Posted on: May 15, 2009 12:21 pm
Edited on: May 15, 2009 4:46 pm
This decade, most years the Orioles have been among the leaders in MLB in issuing the base on balls almost every year, it seems. They've also been below .500 for that whole span. I thought there was certainly a correlation there. That the free passes were a major contributor to high ERAs and thus losses. All of this seemed a natural thing to assume. It seemed like a walk was scoring and breaking the team's back every night...but th evidence of this year seems to point in the opposite direction. This year, the Orioles are issuing many fewer walks, and are in fact among the better staffs in that category. Yet they remain in last place, and in May are already quite a few games below .500. Do walks really not matter as much as I'd thought, or is there some other variable that I've yet to discover offsetting the improvement in walks? O's fans, let's investigate.
For one thing, the staff has allowed the second-most home runs in baseball (most in the AL)...but they were doing so last year while also issuing all those walks, so this wouldn't seem to be the variable we're looking for. They're also leading baseball in BAA, which may be the factor; after all, if the baserunners are getting on they're getting on, regardless of the method. Still, the Orioles were 28th of 30 teams in THAT category in 2008, and walks are down more than this BAA is up. It seems there isn't a simple answer. What is producing this maddening result? How can more control be leading to a higher team ERA? Breaking down each pitcher may be the only way to reach the truth of the matter.
Jeremy Guthrie: Guthrie has issued 16 walks in his 46.2 IP, good for about a 3 BB/9. Not great, to be sure...still, it's much better than the average Baltimore pitcher from last year, who issued 4.35 per 9. So why has Guthrie's ERA ballooned to 5.21? Well, Guthrie is among the league leaders in XBH allowed, and has allowed 98 total bases, second only to Ricky Nolasco of the Marlins. That certainly solves the mystery in his case. The ace of a pitching staff should not be sniffing the top of those categories.
Koji Uehara: He's walked but 7 batters all year, good for a 1.48/9 IP mark. Not too shabby. Only one guy with at least 40 innings (Kevin Slowey) has managed better. And yet, Koji is saddled with a 4.01 ERA and 2-3 record. So what's this guy doing wrong? Well, I know from watching that it seems every time he comes out of the game the 'pen lets his runners score. His run support isn't great, especially from a lineup averaging pretty good numbers. He has a pretty smart WHIP of 1.13. Uehara is the victim of a few homers (6), a bad bullpen, and unfortunate run support. Part 2 of mystery solved.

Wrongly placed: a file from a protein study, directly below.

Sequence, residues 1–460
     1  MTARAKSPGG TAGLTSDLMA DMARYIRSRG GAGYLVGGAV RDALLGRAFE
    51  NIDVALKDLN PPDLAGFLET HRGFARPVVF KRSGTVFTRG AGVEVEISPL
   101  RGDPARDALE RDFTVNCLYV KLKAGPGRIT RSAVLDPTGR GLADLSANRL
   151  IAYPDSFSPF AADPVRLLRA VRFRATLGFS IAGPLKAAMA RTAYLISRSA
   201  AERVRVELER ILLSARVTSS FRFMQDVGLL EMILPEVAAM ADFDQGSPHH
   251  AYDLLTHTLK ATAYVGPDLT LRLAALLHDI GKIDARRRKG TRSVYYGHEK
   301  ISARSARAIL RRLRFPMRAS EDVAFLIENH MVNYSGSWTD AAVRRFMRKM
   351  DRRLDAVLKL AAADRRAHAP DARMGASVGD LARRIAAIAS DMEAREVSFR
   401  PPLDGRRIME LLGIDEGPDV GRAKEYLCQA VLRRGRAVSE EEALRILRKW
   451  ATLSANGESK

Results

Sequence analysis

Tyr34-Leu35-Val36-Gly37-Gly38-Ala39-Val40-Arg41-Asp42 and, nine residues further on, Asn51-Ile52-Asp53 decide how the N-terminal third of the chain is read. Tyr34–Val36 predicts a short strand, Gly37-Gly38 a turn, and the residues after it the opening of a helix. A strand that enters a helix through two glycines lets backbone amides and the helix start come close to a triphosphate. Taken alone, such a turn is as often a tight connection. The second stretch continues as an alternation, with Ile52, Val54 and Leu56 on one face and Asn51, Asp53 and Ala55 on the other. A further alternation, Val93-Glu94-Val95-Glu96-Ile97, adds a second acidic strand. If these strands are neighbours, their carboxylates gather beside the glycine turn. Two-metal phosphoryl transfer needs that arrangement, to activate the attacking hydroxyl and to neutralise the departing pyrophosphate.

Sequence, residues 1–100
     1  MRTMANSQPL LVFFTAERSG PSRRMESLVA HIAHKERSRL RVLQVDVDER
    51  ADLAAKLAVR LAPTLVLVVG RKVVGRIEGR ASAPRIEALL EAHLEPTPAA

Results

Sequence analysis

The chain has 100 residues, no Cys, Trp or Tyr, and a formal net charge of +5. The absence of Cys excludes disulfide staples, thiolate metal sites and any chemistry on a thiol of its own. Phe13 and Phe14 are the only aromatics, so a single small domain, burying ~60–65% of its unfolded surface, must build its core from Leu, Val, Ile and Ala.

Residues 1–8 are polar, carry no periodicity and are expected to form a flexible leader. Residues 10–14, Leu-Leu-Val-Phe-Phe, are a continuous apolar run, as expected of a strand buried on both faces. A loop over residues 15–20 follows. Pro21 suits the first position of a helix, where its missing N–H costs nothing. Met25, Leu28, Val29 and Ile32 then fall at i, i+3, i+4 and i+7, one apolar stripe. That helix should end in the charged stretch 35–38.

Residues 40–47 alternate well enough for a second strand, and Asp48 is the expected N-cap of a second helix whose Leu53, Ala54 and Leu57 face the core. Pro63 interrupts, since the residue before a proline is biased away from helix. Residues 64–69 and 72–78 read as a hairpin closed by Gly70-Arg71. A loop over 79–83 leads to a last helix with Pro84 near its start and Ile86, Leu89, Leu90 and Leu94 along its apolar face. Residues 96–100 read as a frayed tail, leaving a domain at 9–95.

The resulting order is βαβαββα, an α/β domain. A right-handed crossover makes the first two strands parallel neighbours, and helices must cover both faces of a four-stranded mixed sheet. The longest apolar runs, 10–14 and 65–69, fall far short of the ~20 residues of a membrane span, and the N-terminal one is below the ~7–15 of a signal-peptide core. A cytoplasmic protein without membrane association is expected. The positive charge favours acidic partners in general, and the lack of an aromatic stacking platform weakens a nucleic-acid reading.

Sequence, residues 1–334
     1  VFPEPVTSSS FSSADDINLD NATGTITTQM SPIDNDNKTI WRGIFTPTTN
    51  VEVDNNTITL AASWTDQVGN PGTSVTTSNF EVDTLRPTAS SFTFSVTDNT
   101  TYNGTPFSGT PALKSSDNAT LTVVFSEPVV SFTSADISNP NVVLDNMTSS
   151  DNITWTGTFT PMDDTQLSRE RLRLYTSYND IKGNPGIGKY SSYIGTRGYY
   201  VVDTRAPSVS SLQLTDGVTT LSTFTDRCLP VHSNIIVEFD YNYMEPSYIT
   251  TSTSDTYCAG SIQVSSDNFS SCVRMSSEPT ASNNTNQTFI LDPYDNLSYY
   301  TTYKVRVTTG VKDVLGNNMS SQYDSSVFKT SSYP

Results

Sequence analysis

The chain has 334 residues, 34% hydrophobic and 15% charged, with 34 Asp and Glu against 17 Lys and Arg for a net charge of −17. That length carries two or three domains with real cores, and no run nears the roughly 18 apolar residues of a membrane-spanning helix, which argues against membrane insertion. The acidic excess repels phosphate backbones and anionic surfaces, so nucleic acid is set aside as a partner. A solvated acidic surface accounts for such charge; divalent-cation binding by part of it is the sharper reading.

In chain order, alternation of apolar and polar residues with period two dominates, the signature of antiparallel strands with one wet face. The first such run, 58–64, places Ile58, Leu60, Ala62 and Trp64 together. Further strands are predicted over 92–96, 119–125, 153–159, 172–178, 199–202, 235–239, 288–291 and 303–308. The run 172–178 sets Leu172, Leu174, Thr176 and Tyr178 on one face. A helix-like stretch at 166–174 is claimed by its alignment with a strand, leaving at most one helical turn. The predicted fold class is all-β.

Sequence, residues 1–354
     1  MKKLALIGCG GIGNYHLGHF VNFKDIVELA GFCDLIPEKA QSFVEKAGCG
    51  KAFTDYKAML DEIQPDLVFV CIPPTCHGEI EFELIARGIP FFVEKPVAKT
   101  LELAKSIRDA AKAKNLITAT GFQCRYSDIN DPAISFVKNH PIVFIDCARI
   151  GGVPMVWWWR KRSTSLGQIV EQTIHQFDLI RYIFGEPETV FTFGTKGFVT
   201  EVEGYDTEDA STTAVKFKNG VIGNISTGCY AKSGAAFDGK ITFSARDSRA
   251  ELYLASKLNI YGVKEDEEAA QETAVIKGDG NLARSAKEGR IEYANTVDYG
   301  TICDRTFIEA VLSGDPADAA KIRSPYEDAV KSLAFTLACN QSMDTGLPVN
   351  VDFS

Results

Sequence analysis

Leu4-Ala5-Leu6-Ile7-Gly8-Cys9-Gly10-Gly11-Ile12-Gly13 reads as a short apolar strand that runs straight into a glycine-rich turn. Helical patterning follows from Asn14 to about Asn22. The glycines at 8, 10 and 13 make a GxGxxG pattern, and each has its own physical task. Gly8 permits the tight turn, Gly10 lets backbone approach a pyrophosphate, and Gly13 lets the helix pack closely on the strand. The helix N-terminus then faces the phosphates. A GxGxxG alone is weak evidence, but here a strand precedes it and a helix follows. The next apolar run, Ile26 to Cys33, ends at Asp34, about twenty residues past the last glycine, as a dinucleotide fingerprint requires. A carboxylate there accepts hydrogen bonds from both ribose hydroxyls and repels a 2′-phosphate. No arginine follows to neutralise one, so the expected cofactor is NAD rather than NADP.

Mark Hendrickson: Here is the easiest of the starters to figure out. For one thing, He's walking 4.13 per 9, not all that far below the team average last year. For another, he's given up 42 hits and 7 HR in just 28.1 innings...bringing his WHIP to a staggering 1.94. Simply put, he isn't throwing like a major league starter. This is one fifth of the rotation that is no mystery at all.
Adam Eaton: Eaton actually has a similar problem to that of Hendrickson; up over 4 BB/9, and a higher ERA but lower WHIP. So actually, make that 2/5 of the rotation that aren't mysteries. It begins to come clearer what's going on.
Brad Bergesen: Bergesen is issuing a little more than two and a half free passes per nine. Pretty good. So what's HIS problem? Well, for one thing, he ranks 156th among pitchers with at least 20 innings in BAA, at .348. .348!! That's horrendous. He has an excuse because he's learning, and I'll take a rookie giving up hits and not walking people over the alternative, but one need look no further than that number to solve Beresen's part of the mystery.
Alfredo Simon: Simon only put together 2 starts before his injury, but he only lasted 6.1 innings total and walked 2 (works out to about 3 per game). He isn't really worth mentioning, but is here in the interest of completeness. His OPS against was 1.242...
After a look at the starters, a picture begins to emerge. 3 of the 5 starters are much better than the Orioles' staff was last year in this important category, but the other two are only marginally better. Still, it is worth noting that all 6 men who have started games for the Birds this season have walked fewer per nine than the O's did collectively last season. So one would expect improvement in the ERA, but instead we're seeing inflation (overall ERA from 5.13 to 5.44; starters' ERA from 5.51 to 5.62). When examined closer, though, Guthrie's extra-base hits, Uehara's hard luck, and Bergesen's hits begin to make sense of the mess.
Still, the starters so far are responsible for only 54% of the walks over 60% of the innings...which means both that the bullpen has been doing worse in this area and that the 'pen has been a significant contributor to the team's ERA and losses. Taking a look at the bullpen numbers, the ERA is up almost a run over last year, and they are walking about 3.8 per 9 in '09. That's fully 1 less walk per game than the number that unit posted in 2008. Is the problem here similar to that in the rotation?